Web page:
Mr. McLaughlin: There is the arthritis application, which is very interesting. There are a number of biological drugs that have come onto the market with more following. They are very expensive, and all of them are injectable biotech drugs that cost about a thousand dollars per month. We believe that there is no objective way to find out if those drugs are working other than ask the patient if they are feeling better. Our follow up application to the OsteoGram would be able to objectively look at a patient with arthritis, and measure joint space narrowing and the progression of erosions in the bone down to the pixel level. We think that Medicare and other players are going to be very interested to have a tool to select the right patient and make sure the drug is working. That application is quite far down the pipeline, and we would like to think that we would have that out soon.
CEOCFOinterviews: Are there other competing new technologies that might interfere with your plans?
Mr. McLaughlin: Strangely enough, we are unaware of anyone else or a technology in this field that does what we do. When you are dealing with bones, there is nothing like x-ray; x-ray is the acceptable standard. We have a patent on our particular technology that protects us, and I think that is going to be key going forward.
CEOCFOinterviews: In closing, why should potential investors be interested and what should they know that they might not realize when they first look at the company?
Mr. McLaughlin: I believe the market for digital imaging tools is going to grow dramatically in the next few years. Investors already know that filmless x-ray machines are a hot market, in that hospitals are rapidly getting away from film. Any tools that are added to these platforms are going to be natural winners. There is one aspect of our offering that people miss- its not the product, the market or the intellectual property that is the hidden jewel in the whole thing- it is the CPT code. Getting a CPT code is a three to five year chore; it is very difficult. We have one dedicated to our technology, and it is a way for the manufacturer to have a better sales tool, and that is going to drive them our way. I feel that is going to become obvious to our investors very soon.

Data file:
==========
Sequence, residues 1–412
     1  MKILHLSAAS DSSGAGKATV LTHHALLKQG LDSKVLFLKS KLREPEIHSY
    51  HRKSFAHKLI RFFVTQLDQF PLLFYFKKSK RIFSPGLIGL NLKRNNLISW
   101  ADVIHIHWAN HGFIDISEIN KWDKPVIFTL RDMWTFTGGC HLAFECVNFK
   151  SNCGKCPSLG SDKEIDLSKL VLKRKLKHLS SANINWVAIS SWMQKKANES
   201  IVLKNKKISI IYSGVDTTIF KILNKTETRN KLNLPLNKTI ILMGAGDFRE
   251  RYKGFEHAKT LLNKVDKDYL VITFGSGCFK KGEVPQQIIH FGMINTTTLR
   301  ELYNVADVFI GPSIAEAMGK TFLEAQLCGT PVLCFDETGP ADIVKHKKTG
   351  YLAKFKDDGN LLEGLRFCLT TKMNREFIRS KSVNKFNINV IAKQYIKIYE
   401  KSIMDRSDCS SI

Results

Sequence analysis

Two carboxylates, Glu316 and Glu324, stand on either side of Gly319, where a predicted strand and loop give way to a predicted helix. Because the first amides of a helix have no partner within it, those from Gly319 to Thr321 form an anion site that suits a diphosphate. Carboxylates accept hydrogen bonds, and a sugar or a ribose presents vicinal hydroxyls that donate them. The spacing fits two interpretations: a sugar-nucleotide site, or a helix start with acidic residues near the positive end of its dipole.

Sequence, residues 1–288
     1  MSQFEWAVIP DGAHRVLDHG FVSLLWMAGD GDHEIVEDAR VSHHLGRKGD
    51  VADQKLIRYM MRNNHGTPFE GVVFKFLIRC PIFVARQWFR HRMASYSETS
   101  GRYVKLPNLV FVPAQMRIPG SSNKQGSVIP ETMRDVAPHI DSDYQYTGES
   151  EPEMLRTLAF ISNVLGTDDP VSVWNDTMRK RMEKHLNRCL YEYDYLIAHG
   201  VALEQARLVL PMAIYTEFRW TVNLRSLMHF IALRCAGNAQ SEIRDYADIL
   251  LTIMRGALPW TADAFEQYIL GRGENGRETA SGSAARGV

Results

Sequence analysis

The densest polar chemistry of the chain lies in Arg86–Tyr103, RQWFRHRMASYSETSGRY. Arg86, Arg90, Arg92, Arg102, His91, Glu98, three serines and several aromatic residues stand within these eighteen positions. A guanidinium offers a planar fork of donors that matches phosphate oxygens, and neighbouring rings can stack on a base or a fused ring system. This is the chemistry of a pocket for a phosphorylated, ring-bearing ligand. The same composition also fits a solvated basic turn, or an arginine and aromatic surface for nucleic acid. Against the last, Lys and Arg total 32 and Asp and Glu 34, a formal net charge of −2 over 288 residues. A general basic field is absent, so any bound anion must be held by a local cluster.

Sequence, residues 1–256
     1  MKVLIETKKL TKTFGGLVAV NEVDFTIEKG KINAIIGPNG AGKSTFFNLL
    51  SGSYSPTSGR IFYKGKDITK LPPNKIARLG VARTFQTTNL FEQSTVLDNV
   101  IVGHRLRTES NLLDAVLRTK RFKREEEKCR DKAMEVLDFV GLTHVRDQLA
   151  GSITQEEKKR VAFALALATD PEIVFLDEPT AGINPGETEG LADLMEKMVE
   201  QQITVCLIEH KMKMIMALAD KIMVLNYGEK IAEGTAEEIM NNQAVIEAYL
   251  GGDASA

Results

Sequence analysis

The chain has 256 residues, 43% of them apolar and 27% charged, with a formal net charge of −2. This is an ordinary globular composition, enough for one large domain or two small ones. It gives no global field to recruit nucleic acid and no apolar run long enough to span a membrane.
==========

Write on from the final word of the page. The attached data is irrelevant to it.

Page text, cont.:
I believe the market for digital imaging tools is going to grow dramatically in the next few years. Investors already know that filmless x-ray machines are a hot market, in that hospitals are rapidly getting away from film. Any tools that are added to these platforms are going to be natural winners. There is one aspect of our offering that people miss- its not the product, the market or the intellectual property that is the hidden jewel in the whole thing- it is the CPT code. Getting a CPT code is a three to five year chore; it is very difficult. We have one dedicated to our technology, and it is a way for the manufacturer to have a better sales tool, and that is going to drive them our way. I feel that is going to become obvious to our investors very soon. - Jerry McLaughlin